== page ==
August Kleinzahler at the London Review of Books:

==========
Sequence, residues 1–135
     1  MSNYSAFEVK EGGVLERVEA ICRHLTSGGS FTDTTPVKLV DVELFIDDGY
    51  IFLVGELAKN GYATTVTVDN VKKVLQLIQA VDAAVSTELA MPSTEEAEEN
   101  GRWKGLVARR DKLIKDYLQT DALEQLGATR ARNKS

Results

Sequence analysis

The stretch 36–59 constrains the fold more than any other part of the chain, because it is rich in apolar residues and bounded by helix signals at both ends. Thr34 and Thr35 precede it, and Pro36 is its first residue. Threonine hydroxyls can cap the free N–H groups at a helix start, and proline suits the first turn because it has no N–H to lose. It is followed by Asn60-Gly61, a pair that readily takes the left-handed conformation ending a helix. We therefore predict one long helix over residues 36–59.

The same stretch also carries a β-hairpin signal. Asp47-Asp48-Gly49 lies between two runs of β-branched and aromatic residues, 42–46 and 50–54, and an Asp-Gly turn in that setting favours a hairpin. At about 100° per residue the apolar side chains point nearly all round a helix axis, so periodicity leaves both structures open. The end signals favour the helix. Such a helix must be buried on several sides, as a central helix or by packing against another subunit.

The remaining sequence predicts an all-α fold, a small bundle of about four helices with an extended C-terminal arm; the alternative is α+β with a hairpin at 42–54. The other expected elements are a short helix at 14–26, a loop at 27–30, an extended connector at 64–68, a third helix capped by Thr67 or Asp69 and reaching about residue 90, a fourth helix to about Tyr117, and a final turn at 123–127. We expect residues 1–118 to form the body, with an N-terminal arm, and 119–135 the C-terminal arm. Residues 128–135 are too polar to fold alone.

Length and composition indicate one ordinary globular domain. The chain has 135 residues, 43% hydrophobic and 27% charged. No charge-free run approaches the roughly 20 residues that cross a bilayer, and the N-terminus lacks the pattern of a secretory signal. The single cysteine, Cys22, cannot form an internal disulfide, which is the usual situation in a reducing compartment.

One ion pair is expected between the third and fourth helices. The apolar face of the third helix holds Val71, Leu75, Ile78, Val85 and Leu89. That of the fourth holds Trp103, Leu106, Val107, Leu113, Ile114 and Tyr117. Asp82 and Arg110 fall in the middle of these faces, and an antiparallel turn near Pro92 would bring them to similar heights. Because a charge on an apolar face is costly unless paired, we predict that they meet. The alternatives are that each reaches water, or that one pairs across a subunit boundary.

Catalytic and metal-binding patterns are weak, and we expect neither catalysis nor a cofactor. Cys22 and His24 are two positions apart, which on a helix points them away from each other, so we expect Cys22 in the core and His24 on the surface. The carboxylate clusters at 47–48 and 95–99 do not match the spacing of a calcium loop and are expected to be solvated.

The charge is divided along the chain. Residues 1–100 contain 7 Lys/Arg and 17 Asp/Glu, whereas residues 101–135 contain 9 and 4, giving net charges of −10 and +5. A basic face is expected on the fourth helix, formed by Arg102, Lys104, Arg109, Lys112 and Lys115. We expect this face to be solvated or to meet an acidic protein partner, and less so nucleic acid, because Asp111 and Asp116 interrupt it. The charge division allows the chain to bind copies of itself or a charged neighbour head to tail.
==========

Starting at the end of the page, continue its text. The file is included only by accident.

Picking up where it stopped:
Estes is identified with the photorealist school of painting. With their glossy, often hard finish, an almost enamelled quality, and photographic degree of verisimilitude, his work looks at home in that context. But it might be more useful to compare his pictures with those of the veduta painters of the 17th and 18th centuries, with Vermeer’s View of Delft and The Little Street, or the views of Venice by Canaletto and the Guardis. The Smithsonian exhibition includes two canvases of Venice from 1980, View towards La Salute, Venice and Accademia, Venice, that are reminiscent of 18th-century Venetian painters even if they show the buildings of the city reflected, multiplied and distorted by the glass windows of vaporetto stops. Piranesi’s detailed etchings of Rome – The Colosseum, for instance – seem a probable influence but Estes, who is most definite about his likes and especially his dislikes (Pop art is ‘silly’), regards drawings, etchings and lithographs as ‘incomplete’ because they are not coloured. As for his interest in reflection, it seems to have been ignited by the pictures he saw at the National Gallery during his travels as a young artist: small Turner watercolours ‘with distorted reflections in windows – or mirrors perhaps’, Van Eyck’s The Arnolfini Portrait, in which the mirror behind the couple reflects two figures at the door and The Rokeby Venus by Velásquez, in which she admires her own reflection in a mirror – all these pictures, Estes says, ‘seemed to open up a lot of possibilities for painting’.